As the Macpherson House celebrates its 50th anniversary as a museum, one of its original volunteers visits regularly in a testament to how her involvement at the house has changed her life.
Almost weekly, Susi Reinink drops by the kitchen at the 192-year-old homestead to move the levers and spools on its wooden loom while creating colourful woven treasurers.
“This is my second home,” she says while working in the afternoon light.
Reinink said initially nobody was using the loom and the Macpherson House really wasn’t the “living museum” that many know it as today. Other volunteers indicated no one knew how to use it.
“I said I’d start and I’d learn. If I hadn’t had the interest, it would have gone by the wayside, but I took courses and took off and I’m still weaving after all these years.”
Initially, she even found pieces of the loom in the attic and had to put it back into working order.
To Reinink, the allure of working in an old house led her to volunteer. She said her own home was built in 1813 and she always had an interest in preserving and restoring significant homes.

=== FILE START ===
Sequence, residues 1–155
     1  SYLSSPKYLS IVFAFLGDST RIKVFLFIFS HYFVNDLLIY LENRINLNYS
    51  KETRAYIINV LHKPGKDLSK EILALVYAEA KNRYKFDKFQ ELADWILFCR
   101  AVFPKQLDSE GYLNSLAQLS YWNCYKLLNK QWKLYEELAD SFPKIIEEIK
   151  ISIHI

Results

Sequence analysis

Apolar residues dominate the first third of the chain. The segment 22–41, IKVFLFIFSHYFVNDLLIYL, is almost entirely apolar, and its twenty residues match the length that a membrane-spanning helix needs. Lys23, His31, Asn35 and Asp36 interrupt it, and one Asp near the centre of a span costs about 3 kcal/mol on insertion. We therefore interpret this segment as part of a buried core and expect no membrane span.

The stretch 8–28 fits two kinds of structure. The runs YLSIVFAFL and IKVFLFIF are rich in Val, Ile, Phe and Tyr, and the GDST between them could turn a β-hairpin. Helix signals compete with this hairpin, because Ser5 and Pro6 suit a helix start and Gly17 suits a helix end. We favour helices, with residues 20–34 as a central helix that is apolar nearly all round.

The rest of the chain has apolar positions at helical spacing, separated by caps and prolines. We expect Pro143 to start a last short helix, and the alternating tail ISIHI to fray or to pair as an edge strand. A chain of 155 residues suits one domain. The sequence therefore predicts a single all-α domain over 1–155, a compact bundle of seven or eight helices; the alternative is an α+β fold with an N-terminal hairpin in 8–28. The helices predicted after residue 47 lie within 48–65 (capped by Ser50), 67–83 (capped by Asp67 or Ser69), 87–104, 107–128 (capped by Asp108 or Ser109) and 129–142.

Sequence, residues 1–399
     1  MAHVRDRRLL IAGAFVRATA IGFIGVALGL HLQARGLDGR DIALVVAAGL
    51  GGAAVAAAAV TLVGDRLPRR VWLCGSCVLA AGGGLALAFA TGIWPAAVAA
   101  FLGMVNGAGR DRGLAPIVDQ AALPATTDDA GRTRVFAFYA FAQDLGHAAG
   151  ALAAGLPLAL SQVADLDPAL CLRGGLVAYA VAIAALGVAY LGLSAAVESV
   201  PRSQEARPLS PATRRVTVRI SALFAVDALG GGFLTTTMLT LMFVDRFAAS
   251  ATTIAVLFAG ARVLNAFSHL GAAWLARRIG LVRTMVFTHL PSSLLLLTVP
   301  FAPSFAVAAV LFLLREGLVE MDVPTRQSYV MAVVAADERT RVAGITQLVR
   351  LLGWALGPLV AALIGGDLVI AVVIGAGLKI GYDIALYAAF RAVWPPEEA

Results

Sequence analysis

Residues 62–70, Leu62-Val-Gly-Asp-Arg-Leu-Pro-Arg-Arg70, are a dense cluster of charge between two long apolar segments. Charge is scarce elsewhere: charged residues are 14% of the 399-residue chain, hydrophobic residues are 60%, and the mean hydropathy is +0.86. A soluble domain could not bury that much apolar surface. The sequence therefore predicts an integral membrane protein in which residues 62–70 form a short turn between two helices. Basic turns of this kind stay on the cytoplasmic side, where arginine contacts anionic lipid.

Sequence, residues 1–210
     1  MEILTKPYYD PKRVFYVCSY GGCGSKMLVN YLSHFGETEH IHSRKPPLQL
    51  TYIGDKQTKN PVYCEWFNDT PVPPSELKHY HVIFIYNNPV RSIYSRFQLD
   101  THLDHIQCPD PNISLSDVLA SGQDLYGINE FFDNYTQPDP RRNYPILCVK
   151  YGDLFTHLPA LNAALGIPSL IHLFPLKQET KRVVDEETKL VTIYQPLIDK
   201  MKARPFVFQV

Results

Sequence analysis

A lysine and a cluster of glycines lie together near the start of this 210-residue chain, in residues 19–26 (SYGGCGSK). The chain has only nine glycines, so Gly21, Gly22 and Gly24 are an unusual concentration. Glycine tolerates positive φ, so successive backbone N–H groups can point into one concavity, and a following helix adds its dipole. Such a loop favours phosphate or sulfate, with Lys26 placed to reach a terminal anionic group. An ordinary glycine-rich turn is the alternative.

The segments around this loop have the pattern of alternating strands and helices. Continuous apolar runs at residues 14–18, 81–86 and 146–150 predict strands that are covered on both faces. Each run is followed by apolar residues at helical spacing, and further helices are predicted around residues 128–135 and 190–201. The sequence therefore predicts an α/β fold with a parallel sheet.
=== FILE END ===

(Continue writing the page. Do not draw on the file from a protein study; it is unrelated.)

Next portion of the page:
Over the years, she has served on Macpherson House’s board of management for two terms and has seen directors and volunteers come and go. Reinink said, eventually, the volunteers of the Lennox and Addington Historical faced a tough decision about the house. Some members had become too old and a younger generation didn’t show the same time or interest. They passed on management to Lennox and Addington County. While that was tough, Reinink said it has been good for the house.
“The house looks great. Jane Foster has done an enormous amount of research and has spearheaded a lot of updates. The house has really come alive these past few years.”
Over the years, Reinink has created 27 coverlet blankets on the loom. She’s also created curtains and floor runners for the home. Now a master weaver, Reinink teaches others about fibre arts and has helped to spearhead fibre arts events, attracting visitors to Macpherson House and to other locations within the community. It all started, however, with a desire to offer a true interpretation of what life was like in her community two centuries ago.
“This is something that very few people are aware of,” she said. “Very mundane things had to be woven on a loom just like that. In those days, there weren’t that many stores in a village like Napanee. Things had to be handmade, just like the cooking too.”